February 7, 2014
CHICAGO — Chicago Public Schools (CPS) CEO Barbara Byrd-Bennett today announced that the implementation of the 2012 Student Code of Conduct (SCC) has led to an unprecedented 36 percent drop in school suspensions since the School Year 2010-2011 (SY 10-11). After recognizing that too many students were being suspended and expelled due to a zero-tolerance policy that had once been the District standard, CPS worked to develop a code of conduct that encouraged teachers, principals and school officials to develop alternative strategies and options for dealing with disciplinary issues. CPS will now build on this plan through a comprehensive strategy to further reduce out-of-school suspensions.
“We know that suspensions cut into instructional time, and keep our students out of the classroom,” said CPS CEO Barbara Byrd-Bennett. “The Student Code of Conduct that we implemented brought great results – a 36 percent decline in suspensions – and gave our students the support they needed while keeping them in school and learning. We will now expand on this work to further enhance and build the program and ensure that our students are given every opportunity to learn the problem-solving and relationship-building skills that are critical for success both inside and outside of the classroom.”
The District has been working toward a more equitable approach to student discipline since 2012, when it amended its SCC to put a greater focus on corrective and instructive practices to reduce out-of-school suspensions and expulsions. Strict discipline codes historically resulted in the loss of instructional time and negatively impacted student attendance, as well as academic achievement and the overall school climate.
Those changes have had a big impact. Restorative justice practices and a focus on building positive learning climates in high schools have contributed to a 23 percent drop in out-of-school suspensions between SY 10-11 (46,803) and last year (36,046). That trend has accelerated in School Year 2013-2014 (SY 13-14), with 14,587 out-of-school suspensions through the end of January, representing a 36 percent drop from the same time period in SY 10-11.
The expansion and enhancement of the Student Code of Conduct calls for expanding restorative justice practices among schools, and working with community partners and parents to promote healthy school climates that will give students the support necessary to be successful in college, career and in life.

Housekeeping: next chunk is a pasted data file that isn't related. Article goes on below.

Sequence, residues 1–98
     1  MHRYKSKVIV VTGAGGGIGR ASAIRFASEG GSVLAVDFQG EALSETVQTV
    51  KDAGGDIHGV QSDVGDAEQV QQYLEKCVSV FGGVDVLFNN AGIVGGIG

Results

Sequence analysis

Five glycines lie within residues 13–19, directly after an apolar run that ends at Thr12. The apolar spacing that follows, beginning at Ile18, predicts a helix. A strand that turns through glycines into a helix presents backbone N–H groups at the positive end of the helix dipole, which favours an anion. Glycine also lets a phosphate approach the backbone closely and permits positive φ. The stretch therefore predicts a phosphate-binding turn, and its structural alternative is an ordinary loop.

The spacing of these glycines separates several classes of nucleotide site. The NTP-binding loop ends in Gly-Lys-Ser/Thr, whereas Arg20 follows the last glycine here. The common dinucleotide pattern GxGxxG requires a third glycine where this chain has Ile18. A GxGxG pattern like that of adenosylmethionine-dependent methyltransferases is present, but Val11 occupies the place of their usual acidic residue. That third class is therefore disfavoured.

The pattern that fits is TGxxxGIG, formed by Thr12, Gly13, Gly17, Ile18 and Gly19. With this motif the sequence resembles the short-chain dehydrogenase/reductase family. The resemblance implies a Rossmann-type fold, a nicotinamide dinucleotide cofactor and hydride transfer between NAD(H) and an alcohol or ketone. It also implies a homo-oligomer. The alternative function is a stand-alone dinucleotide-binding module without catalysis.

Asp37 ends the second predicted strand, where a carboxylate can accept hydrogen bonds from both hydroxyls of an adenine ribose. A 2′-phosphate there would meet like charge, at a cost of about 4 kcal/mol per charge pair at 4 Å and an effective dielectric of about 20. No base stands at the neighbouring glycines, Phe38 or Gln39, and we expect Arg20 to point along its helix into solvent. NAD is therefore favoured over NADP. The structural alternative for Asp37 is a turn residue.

To further the District’s work to reduce suspensions and expulsions, Byrd-Bennett has assembled a steering committee that will serve as a cross-functional team that develops the resources, capacity and policies to keep students in the classroom. The committee will incorporate these five strategies:
- Revising the SCC: This process will include a review of when suspensions are permitted to ensure a primary focus on keeping students in an active learning environment.
- Enhancing Accountability Systems: CPS continues to update its data systems to allow schools and networks to more easily track, access and analyze behavior and suspensions data.
- Continue Development of Effective Resources to Support Staff and Parents: Building off best practices locally and around the country, the District will provide stronger guidance (e.g., an Alternatives to Suspension Toolkit) to support schools in preventing inappropriate behavior and utilizing effective responses to misbehavior. These resources will assist principals and teachers in the use of targeted interventions during the school day and also provide parents with information on how to further support their children’s success at home.
- Increasing Professional Development to Expand Best Practices: CPS will engage principals, teachers, deans, and other key stakeholders in identifying potential root causes and solutions to effectively address schools’ needs, and the district will use this input to shape a more comprehensive approach to professional development district-wide.
- Citywide Collaboration to Support Success: The District is committed to working with parents, community groups, the Chicago Teachers Union, elected officials, and faith-based leaders, to further its work to reduce suspensions and expulsions. Project NIA, an advocacy organization focused on eliminating the school to prison pipeline, is helping ensure consistency and transparency in application of disciplinary action and will partner with CPS to hold community forums to gather citywide input.
CPS is asking its charter partners to join its “Chicago Collaborative for Supportive School Discipline”, a District-wide effort to establish more consistent and supportive discipline policies to ensure safe, welcoming school climates. For the first time, the District is making available to charter operators some of the same “alternatives to expulsion” intervention programs, such as SMART, that have dramatically reduced expulsions in District-managed schools. CPS is also creating a preference for charter operators in the approval or renewal process when they develop Student Codes of Conduct that more closely align with the District’s.
These efforts align with pillar two of the District’s 5-Year Action Plan, calling for systems of support that meet our students’ needs. Providing a safe learning environment will allow our students to make better choices, and to learn skills necessary to graduate 100-percent college-ready and 100-percent college-bound.
Chicago Public Schools serves 400,000 students in 658 schools. It is the nation’s third-largest school district.